HOLYOKE POWER PLANT SETTLES WITH AG, MassDEP, OVER ALLEGATIONS OF EXCESSIVE EMISSIONS
Mt. Tom Station Must Pay Penalty, Reduce Emissions and Constantly Monitor Levels
The settlement requires Mt. Tom to meet substantially reduced emissions limits for particulate matter and install a continuous emissions monitoring system to measure compliance with those limits. Mt. Tom must pay a $25,000 penalty to the Commonwealth. The company will also contribute $70,000 to fund a program to educate owners of old wood stoves and wood-fired boilers in the greater Holyoke area to encourage upgrading to equipment meeting U.S. Environmental Protection Agency emissions standards.
"Particulate matter is responsible for a wide range of effects on health, including heart disease, lung damage and an increased risk of lung cancer," said AG Coakley. "While our economy needs power to function, we cannot sacrifice the well-being of our residents. This settlement will help ensure the plant no longer exceeds permit limits."
The settlement resolves claims by MassDEP that Mt. Tom violated its emissions limits on multiple occasions in 2009 and 2010. The allegations followed claims by the Conservation Law Foundation that Mt. Tom violated emissions limits thousands of times between 2005 and 2010. New equipment, including a Turbosorp system, was installed in 2007-09 to address the problem. While levels were reduced, the facility reported exceeding permit levels even after that equipment was up and running. The settlement includes provisions requiring Mt. Tom to hire independent consultants to assist in eliminating these ongoing exceedances.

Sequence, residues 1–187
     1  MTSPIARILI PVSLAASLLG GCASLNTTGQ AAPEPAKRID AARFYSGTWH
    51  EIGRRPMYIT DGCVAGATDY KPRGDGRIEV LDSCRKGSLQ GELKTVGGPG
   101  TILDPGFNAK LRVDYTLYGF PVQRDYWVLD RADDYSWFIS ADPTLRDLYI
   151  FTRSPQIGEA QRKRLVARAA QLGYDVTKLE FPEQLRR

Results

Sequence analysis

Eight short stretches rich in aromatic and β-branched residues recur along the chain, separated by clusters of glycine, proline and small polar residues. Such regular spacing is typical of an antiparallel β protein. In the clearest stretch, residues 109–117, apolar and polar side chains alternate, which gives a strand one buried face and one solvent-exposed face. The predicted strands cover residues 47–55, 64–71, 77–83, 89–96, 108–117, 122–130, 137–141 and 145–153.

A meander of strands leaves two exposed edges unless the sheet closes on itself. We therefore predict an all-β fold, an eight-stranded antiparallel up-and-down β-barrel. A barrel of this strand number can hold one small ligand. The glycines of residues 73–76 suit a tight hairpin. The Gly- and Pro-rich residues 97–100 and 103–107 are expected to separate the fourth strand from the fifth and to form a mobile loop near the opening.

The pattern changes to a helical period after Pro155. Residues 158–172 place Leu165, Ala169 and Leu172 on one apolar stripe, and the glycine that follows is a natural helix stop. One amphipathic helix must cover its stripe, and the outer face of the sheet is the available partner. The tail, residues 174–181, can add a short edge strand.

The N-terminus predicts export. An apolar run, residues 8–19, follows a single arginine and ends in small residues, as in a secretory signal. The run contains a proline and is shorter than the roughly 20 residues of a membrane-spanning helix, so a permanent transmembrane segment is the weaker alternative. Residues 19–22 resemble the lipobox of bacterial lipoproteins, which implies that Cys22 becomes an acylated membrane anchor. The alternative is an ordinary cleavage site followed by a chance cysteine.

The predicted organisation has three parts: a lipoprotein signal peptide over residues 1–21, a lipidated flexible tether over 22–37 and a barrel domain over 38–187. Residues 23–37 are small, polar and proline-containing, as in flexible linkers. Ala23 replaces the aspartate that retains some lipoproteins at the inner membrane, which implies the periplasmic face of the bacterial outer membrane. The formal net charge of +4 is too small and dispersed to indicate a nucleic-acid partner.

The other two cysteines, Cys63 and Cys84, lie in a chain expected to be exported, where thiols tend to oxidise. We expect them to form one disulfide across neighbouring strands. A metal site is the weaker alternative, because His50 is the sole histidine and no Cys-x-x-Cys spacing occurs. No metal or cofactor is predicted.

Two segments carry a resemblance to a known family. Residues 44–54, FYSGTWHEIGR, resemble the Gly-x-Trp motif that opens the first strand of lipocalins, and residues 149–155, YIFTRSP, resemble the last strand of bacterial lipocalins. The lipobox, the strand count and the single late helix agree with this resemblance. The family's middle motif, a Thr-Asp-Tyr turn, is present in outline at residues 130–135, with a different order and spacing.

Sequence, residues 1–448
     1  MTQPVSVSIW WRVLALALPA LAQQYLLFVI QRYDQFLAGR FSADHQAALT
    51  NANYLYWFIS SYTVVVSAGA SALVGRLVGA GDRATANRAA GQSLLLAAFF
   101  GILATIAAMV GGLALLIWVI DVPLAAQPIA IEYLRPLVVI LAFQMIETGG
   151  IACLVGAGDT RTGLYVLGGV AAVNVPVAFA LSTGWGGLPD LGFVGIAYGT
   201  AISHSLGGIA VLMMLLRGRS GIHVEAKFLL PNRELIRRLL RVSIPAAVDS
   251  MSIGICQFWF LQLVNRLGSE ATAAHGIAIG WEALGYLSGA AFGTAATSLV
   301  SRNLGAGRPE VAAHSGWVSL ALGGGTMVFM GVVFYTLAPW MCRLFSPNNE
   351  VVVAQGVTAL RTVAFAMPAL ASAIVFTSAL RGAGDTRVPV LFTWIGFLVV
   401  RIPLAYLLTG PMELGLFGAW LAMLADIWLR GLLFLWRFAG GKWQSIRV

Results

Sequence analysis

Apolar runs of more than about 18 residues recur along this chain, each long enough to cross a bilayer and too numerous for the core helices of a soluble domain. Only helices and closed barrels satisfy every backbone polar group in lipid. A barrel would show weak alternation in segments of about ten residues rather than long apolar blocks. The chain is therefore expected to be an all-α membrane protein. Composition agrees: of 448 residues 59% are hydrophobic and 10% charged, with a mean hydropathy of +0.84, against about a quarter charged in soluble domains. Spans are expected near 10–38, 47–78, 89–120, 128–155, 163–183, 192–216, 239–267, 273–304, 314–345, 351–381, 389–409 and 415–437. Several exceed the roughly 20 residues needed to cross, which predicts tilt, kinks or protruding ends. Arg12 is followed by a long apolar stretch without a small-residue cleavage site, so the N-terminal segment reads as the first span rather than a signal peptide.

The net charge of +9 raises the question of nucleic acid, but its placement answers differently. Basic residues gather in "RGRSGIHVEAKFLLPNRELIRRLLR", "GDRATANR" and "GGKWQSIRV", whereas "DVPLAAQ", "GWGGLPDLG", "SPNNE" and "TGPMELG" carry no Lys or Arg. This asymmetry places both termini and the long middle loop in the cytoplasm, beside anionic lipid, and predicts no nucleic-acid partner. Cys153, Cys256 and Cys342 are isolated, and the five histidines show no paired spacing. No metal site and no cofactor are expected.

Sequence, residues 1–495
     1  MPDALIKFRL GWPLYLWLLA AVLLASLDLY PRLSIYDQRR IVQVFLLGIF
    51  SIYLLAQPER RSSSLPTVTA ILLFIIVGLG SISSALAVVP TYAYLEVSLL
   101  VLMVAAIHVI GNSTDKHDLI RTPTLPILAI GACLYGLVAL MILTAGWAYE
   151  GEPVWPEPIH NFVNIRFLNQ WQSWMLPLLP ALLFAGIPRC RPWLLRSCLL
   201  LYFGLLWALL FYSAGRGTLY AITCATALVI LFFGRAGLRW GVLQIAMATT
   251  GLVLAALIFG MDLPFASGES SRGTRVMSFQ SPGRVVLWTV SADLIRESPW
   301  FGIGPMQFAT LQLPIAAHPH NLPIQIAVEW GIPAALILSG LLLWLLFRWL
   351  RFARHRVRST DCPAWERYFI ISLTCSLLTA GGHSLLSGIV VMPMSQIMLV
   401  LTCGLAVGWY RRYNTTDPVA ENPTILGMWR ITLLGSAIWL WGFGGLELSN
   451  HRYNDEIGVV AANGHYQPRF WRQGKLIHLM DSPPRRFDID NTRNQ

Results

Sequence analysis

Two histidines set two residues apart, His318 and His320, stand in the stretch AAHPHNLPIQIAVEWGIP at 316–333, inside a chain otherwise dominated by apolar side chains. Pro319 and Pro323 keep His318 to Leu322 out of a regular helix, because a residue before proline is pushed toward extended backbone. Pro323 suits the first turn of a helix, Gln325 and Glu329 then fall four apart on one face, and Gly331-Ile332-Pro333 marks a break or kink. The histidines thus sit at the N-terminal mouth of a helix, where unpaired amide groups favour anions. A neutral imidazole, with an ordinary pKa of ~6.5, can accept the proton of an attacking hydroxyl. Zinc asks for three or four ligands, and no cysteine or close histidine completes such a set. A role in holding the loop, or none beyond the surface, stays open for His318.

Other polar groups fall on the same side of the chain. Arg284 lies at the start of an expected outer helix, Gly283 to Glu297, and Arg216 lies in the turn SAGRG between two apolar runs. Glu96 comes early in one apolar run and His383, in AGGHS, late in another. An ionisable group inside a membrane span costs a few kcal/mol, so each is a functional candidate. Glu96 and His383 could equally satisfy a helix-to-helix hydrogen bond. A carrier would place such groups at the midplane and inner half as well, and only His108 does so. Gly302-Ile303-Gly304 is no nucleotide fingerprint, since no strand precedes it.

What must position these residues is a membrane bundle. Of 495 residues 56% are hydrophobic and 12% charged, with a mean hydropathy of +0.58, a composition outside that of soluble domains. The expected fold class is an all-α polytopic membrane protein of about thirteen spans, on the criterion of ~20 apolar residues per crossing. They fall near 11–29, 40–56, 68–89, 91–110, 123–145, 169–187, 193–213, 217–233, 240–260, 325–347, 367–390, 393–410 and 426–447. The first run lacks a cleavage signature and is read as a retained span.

"This settlement will ensure that Mt. Tom is held to significantly more stringent emissions limitations, and that it will install and maintain equipment that will continuously monitor those emissions so that the plant remains in compliance with our strict limits," said Commissioner Kimmell. "The funding to replace old wood stoves and wood-fired boilers will further help to reduce the concentration of airborne particulates, thereby improving the air quality in western Massachusetts."
The case was handled for the Attorney General's office by Assistant Attorney General William L. Pardee. For MassDEP, the matter was handled by Chief Regional Counsel Jane Rothchild, Regional Director Michael Gorski, Air Permitting Section Chief Marc Simpson, and Regional Engineer David Howland, all from MassDEP's Western Regional Office in Springfield.